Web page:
Section for Algorithms, Logic and Graphs

The Algorithms, Logic, and Graphs (AlgoLoG) section covers the core research area of theoretical computer science and discrete mathematics. Our research focuses on the foundations of computing with a broad impact in applied areas. 

Algorithms, Logic and Graphs
Algorithms, Logic, and Graphs section October 2023

The section consists of algorithms, logic, and graph theory research groups.

Research areas


We develop techniques and methods for storing, processing, searching, indexing, and manipulating massive data sets. Our research focuses on the fundamental computational challenges with broad impact in computer science and applied areas and is based on mathematics to guarantee correctness and performance. Our current research topics include data structures, combinatorial pattern matching, graph algorithms, stochastic search algorithms, computational geometry, compressed computation, differential privacy, and distributed computing.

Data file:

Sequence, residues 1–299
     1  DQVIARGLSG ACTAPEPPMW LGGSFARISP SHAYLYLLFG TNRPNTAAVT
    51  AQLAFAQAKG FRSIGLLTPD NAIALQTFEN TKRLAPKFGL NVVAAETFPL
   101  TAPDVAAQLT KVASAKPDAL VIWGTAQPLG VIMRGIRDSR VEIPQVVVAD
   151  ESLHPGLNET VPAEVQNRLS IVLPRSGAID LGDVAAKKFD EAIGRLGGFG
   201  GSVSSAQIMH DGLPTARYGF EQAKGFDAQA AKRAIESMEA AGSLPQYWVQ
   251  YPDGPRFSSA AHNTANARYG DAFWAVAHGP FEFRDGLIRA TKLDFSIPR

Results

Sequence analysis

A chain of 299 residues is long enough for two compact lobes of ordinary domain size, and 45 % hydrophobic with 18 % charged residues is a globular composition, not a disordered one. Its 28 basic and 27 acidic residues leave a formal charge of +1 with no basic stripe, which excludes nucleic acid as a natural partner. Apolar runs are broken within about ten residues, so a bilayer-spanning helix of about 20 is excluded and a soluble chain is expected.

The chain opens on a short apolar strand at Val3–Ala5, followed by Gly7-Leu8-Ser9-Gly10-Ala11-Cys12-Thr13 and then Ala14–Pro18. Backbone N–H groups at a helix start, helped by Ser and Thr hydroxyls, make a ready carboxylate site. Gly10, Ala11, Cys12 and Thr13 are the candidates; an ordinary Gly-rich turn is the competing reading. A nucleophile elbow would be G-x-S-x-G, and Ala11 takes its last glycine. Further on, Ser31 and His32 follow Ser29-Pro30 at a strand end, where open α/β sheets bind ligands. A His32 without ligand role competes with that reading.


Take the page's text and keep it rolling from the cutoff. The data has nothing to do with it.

Lead researchers

Philip Bille Professor, Head of Section

Inge Li Gørtz Professor

Carsten Witt Professor

Eva Rotenberg Associate Professor


Logic and logic-based artificial intelligence (AI) are multi-disciplinary areas of research focusing on the use of formal logical systems to represent and reason about complex knowledge and information. It encompasses various techniques, such as knowledge representation, automated theorem proving, formal learning theory, and automated planning. Logic-based AI plays a crucial role in numerous applications, including proof assistants, multi-agent systems, and cognitive robotics.

Lead researchers

Thomas Bolander Professor

Jørgen Villadsen Associate Professor

Nina Gierasimczuk Associate Professor

Graph Theory

Graph Theory plays a fundamental role in computer science, particularly in the design and analysis of algorithms. Graphs are used for modelling networks, the structure of software, to visualise the command flow within a program etc. Graph Theory is an independent mathematical discipline with ties to classical mathematics such as geometry, topology and others, and to engineering disciplines such as electrical networks and optimisation, and also with ties to modern mathematics and engineering motivated by the development of the quantum computer.

Lead researchers

Carsten Thomassen Professor

David Earl Roberson Associate Professor

Karl Magnus Heuer Assistant Professor - Tenure track